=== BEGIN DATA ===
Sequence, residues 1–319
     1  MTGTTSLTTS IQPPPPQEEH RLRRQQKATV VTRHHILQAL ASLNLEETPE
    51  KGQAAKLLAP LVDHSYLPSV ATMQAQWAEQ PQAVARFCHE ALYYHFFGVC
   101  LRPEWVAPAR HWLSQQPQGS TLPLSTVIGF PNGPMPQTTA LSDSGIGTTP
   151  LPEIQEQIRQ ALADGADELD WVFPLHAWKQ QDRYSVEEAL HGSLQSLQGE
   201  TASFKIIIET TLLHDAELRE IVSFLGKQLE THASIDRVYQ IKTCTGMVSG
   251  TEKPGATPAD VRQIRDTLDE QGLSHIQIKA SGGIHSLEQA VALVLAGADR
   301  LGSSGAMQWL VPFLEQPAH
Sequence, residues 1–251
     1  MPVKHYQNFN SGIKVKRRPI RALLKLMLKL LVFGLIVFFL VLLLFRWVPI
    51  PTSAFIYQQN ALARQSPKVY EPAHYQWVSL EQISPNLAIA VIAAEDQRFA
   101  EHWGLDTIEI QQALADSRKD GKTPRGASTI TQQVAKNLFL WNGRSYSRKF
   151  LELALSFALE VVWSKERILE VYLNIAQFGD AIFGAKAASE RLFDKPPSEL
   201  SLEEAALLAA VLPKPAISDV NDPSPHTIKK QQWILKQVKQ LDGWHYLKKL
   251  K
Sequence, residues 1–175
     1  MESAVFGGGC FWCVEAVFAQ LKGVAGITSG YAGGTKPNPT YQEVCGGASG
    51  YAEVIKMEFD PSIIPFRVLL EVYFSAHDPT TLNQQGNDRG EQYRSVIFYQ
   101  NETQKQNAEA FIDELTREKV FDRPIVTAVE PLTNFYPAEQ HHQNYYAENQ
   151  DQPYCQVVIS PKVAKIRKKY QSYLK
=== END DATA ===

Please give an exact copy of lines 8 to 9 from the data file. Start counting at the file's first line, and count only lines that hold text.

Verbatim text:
   301  LGSSGAMQWL VPFLEQPAH
Sequence, residues 1–251